This Game Developer Wants to Create Space for Indigenous Stories | Games, gaming and gamification in Higher Education | Scoop.it
Elizabeth LaPensée created Thunderbird Strike to protest pipeline construction on Indigenous land.

Kim Flintoff's insight:
A lot of the modern participation in the games industry on the part of Indigenous creators is through consulting on game projects, LaPensée said, where they share their input, stories, or even design ideas, but don’t get credited like the rest of the game team. She’s hoping that her work will inspire other Indigenous creators to be able to tell their stories in their own way, and have some sovereignty over their material. “More often than not, Indigenous creatives who have made a space for themselves," she said, "have had to fight to do it. There's this need for them to constantly create in order for them to break through.”
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5 ways educational games improve learning, according to teachers

5 ways educational games improve learning, according to teachers | Games, gaming and gamification in Higher Education | Scoop.it

When teachers used digital educational games in the classroom, students raised test scores by more than half a letter grade in only three weeks, according to a study from researchers at Vanderbilt University and partners at Legends of Learning, a research-driven educational game platform.

The new research, published by the Journal of the Learning Sciences, demonstrates the benefits of game-based learning for students when compared to students who had no access to such games.

“Substantial Integration of Typical Educational Games into Extended Curricula” involved more than 1,000 students of 13 teachers in 10 diverse urban, suburban and rural schools in seven states.

The educators integrated a standards-aligned set of 55 typical educational games into their curricula. Each teacher taught at least one class with the games and one class without.

The research found students in the classes with the games outperformed their peers on essay and multiple choice questions.

Kim Flintoff's insight:
When teachers used digital educational games in the classroom, students raised test scores by more than half a letter grade in only three weeks, according to a study from researchers at Vanderbilt University and partners at Legends of Learning, a research-driven educational game platform.
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David W. Deeds's curator insight, November 21, 2017 12:06 AM

Thanks to Kim Flintoff. 

Presenters's curator insight, November 21, 2017 4:52 AM
Cada vez más, los juegos se están convirtiendo en un recurso importante para el aprendizaje. Por ello, es importante que los educadores conozcan las formas en las que los juegos educativos pueden ayudar a mejorar el aprendizaje de los niños.
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Video: Balancing trust, creativity, and business in game UX

Video: Balancing trust, creativity, and business in game UX | Games, gaming and gamification in Higher Education | Scoop.it
It's not easy to ensure the user experience (or UX) that players have when booting up your game is enticing, effective, and streamlined -- especially when you're working on big games aimed at a broad audience.

At GDC 2017's UX Summit, a panel of prominent user experience researchers, creatives, and producers (from big game companies like EA, 2K Games, Ubisoft, WB Games Montreal, and Bungie) acknowledged the challenge and spoke frankly about the tricky business of making good UX in games.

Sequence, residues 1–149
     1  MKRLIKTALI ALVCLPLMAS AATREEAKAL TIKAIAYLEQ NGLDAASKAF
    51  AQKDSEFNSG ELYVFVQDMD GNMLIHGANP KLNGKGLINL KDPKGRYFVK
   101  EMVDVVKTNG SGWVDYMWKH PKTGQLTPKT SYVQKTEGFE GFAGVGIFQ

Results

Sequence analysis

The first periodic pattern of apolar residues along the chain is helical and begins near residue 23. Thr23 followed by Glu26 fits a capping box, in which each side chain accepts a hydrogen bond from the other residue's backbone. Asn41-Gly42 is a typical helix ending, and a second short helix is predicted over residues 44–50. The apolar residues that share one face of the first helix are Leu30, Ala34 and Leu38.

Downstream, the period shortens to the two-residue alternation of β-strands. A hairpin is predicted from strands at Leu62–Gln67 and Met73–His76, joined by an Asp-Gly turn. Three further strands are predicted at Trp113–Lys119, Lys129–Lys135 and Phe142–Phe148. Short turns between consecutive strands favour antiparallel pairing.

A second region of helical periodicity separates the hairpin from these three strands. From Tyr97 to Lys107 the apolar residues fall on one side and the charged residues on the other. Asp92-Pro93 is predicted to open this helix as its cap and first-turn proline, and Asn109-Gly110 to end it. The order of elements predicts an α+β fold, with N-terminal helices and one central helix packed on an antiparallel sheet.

Kim Flintoff's insight:
It's not easy to ensure the user experience (or UX) that players have when booting up your game is enticing, effective, and streamlined -- especially when you're working on big games aimed at a broad audience. At GDC 2017's UX Summit, a panel of prominent user experience researchers, creatives, and producers (from big game companies like EA, 2K Games, Ubisoft, WB Games Montreal, and Bungie) acknowledged the challenge and spoke frankly about the tricky business of making good UX in games.
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Gaming to Learn: Research Meets Classroom Practice

Gaming to Learn: Research Meets Classroom Practice | Games, gaming and gamification in Higher Education | Scoop.it
A blog about 21st Century Learning. Dr. Z shares ideas, strategies, and tech for engaging learners. He writes for educators who make a difference.
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A blog about 21st Century Learning. Dr. Z shares ideas, strategies, and tech for engaging learners. He writes for educators who make a difference.
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Game design fosters real learning

Game design fosters real learning | Games, gaming and gamification in Higher Education | Scoop.it
The 2017 Australian STEM Video Game Challenge, which encourages students as young as 10 years old to design and build a video game, turns classroom learning into a reality.

Six winning teams in the 2017 Australian STEM Video Game Challenge were recognised at an awards ceremony at PAX Australia in Melbourne in late October. Presenting the awards, Stephanie 'Hex' Bendixsen (presenter of Seven’s screenPLAY and former presenter of ABC’s Good Game) commended not only the winners, but all students who created a playable game.
Kim Flintoff's insight:
And the winners are…

Years 5-8 Scratch – Marcus Carr, Bert Lee, Jayden Shi and Eric Shin, Chatswood Public School, NSW, for Asteroid Smash!

Years 5-8 Gamemaker – Jaxson Brown, Australind Senior High School, WA, for Cube Runner

Years 5-8 Open – Michael Ostapenko, home school, QLD, for Reaction

Years 9-12 Gamemaker – Jett-Lee Wetherald, Mason Brennan and John Saxon, Maroochydore State High School, QLD, for Shards of Azothornia: The First Shard

Years 9-12 Unity3D/Unreal Engine – Kye Ziebarth, Fabian Scheffler and Kenji McAuliffe, Churchlands Senior High School, WA for Goldberg

Years 9-12 Open – Jacob Thomas, Dylan Kalms-Taylor, Caleb Jeanes and Chloe Godfrey, Kalianna School, Bendigo, VIC, for Gizma’s Adventure